COVERAGE OF EMPLOYEES ASSIGNED TO OUT OF STATE DUTIES UNDER THE UNEMPLOYMENT COMPENSATION ACT.
Supervisory employees of a corporation having its principal place of business within the State of Washington who are assigned to other states for the performance of certain services are in "employment" under the Unemployment Compensation Act because of the fact that they are controlled and directed from within the State of Washington and are residents of that state.
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May 4, 1953
Honorable L. H. Bates
Employment Security Department
Old Capitol Building
Olympia, Washington Cite as: AGO 53-55 No. 30
You have requested our opinion as to whether or not supervisory employees of a manufacturing plant located in Seattle, sent to other states on temporary assignments of indefinite duration, are in "employment" within this state under the Unemployment Compensation Act of chapter 35, Laws of 1945, and amendments thereto.
We conclude that such employees are within "employment" under RCW 50.04.110 of the Revised Code of Washington.
Your letter indicates that such employees are considered both by themselves and by the company as residents of the State of Washington. You further set out that most of the employees return to Seattle at intervals for additional directions and to make reports upon the progress of work supervised without the state. The employer has made contributions on the salaries of all these employees under the Washington Unemployment Compensation Act.
Our conclusion requires a construction of RCW sections 50.04.110 and 50.04.120. RCW 50.04.110 reads as follows:
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"The term 'employment' shall include an individual's entire service performed within or both within and without this state, if:
"(1) The service is localized in this state; or
"(2) The service is not localized in any state, but some of the service is performed in this state, and
"(a) the base of operations, or if there is no base of operations, then the place from which such service is directed or controlled is in this state; or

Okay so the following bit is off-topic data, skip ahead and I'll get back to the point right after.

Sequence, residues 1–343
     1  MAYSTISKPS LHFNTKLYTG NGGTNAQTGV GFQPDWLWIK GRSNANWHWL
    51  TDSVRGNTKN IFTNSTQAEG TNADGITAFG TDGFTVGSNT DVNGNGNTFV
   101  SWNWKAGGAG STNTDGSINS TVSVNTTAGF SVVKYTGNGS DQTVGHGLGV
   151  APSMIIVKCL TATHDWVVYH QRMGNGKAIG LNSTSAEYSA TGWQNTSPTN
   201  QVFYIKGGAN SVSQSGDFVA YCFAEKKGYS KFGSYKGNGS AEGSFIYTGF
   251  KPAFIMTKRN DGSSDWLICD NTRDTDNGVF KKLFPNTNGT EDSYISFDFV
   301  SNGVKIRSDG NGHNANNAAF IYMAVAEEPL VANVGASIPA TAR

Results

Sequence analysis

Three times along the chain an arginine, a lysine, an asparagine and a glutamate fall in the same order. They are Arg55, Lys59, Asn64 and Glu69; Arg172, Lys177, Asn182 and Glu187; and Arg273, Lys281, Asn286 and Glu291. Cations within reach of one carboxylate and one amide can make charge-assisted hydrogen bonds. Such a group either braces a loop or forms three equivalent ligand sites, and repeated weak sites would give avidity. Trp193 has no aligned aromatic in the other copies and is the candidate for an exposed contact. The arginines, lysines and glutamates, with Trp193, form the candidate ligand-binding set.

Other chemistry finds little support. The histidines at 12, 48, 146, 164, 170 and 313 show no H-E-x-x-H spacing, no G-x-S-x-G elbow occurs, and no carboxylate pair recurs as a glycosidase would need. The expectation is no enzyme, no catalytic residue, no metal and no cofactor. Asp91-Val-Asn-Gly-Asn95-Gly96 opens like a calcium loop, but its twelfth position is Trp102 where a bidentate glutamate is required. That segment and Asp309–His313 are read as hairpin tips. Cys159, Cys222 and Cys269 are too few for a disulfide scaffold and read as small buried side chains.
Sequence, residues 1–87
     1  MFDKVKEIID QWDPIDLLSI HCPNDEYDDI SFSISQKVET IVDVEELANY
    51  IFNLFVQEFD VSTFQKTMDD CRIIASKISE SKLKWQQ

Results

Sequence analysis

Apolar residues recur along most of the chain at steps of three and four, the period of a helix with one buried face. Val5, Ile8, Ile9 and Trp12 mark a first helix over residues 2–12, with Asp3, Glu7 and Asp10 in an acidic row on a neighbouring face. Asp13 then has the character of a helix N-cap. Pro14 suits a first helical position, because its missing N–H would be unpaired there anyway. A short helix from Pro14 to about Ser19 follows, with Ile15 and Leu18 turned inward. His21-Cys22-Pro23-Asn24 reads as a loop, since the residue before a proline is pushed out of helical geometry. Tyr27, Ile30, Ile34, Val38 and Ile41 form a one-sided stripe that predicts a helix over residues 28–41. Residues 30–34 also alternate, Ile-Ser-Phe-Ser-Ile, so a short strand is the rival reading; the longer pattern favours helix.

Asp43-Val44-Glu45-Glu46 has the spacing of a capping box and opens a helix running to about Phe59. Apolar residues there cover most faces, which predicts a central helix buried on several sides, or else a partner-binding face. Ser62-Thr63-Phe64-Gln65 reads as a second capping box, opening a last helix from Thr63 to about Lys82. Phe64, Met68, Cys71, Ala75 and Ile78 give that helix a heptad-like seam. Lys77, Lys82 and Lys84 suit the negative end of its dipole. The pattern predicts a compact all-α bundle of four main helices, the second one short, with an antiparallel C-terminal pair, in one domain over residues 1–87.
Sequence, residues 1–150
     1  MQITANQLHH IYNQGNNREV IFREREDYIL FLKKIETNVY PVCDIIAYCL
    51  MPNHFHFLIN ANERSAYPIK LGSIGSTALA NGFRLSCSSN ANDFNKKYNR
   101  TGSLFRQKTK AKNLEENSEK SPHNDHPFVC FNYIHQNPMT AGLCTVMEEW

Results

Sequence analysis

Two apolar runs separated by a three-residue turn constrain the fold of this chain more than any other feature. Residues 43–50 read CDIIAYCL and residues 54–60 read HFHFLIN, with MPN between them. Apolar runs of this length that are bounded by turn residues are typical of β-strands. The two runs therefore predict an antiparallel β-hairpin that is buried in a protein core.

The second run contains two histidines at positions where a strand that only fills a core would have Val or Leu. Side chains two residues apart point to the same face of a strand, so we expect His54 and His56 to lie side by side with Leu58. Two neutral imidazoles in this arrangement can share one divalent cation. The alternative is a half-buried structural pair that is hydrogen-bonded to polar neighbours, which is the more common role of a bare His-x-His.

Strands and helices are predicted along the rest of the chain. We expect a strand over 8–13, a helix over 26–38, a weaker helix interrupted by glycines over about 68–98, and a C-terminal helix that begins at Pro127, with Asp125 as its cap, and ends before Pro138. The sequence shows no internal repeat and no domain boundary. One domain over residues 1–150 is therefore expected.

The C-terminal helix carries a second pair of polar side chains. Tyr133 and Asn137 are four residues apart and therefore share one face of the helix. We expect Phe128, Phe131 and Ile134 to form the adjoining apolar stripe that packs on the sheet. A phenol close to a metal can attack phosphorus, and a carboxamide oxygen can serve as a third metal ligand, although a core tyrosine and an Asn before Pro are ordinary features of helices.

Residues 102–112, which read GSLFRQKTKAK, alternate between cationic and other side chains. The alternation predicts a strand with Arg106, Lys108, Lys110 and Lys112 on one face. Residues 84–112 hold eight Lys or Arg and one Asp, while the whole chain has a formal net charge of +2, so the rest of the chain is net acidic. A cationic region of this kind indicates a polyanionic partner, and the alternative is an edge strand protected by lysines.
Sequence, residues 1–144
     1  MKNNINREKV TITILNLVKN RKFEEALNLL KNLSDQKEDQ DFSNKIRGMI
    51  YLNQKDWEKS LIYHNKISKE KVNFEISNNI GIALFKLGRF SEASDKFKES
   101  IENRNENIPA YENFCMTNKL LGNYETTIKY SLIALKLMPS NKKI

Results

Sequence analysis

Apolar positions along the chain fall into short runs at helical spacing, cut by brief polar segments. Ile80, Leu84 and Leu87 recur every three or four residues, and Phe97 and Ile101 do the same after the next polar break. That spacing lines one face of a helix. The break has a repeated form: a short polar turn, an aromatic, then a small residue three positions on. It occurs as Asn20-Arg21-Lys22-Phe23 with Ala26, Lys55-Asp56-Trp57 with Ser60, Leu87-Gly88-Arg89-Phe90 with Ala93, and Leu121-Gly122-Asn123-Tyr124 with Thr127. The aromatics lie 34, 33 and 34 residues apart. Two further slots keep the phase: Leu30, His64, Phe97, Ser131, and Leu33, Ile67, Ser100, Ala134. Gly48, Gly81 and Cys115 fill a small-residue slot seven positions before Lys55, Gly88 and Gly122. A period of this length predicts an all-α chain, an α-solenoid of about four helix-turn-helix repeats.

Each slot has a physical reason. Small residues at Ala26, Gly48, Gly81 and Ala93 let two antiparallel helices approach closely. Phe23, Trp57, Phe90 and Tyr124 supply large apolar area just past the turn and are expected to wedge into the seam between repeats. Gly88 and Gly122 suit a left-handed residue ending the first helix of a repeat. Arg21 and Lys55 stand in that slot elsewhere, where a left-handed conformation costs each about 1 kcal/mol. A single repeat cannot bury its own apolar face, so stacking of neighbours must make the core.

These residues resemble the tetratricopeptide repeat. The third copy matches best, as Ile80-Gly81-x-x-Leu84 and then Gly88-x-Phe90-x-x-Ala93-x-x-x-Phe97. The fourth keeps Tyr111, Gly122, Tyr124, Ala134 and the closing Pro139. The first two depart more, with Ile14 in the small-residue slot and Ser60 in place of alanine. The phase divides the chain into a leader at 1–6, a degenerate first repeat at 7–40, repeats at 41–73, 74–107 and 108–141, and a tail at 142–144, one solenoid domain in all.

"(b) the base of operations or place from which such service is directed or controlled is not in any state in which some part of the service is performed, but the individual's residence is in this state."
RCW 50.04.120 provides:
"Service shall be deemed to be localized within a state, if:
" * * *
"(2) The service is performed both within and without the state, but the service performed without the state is incidental to the individual's service within the state; for example, is temporary or transitory in nature or consists of isolated transactions."
Some of the employees mentioned may fall within the definition of RCW 50.04.120 (2) by reason of basic assignment at the Seattle plant and temporary assignments to other states. These employees would therefore be covered under RCW 50.04.110 (1), their service being localized within the state.
Most of the services performed in the factual situation presented apparently come within subdivision (2) of RCW 50.04.110, as those services are not localized in any state, and some of the service is performed in this state; as it is an important and integral part of each individual's performance of service that he confer with and report to his superiors at the Seattle plant.
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We do not believe it necessary for us to express an opinion on the point that Seattle is the base of operations because of the fact that the direction and control of the activity of the employees concerned is clearly at the main plant which is located within the State of Washington. It affirmatively appears that such control is actually exercised, in most cases, at the Seattle plant and it does not appear in the inquiry that such supervisory employees are subject to control from any other place. SeeClaim of Mallia, 299 N.Y. 232, 86 N.E. (2d) 277, in which the New York Court of Appeals indicated under a virtually identical statute that the control contemplated by the Act was "exercised" control. Thus employees whose service is not localized and is controlled or directed from Seattle fall within the coverage of RCW 50.04.110 (2) (a), if they perform some part of their service in Washington.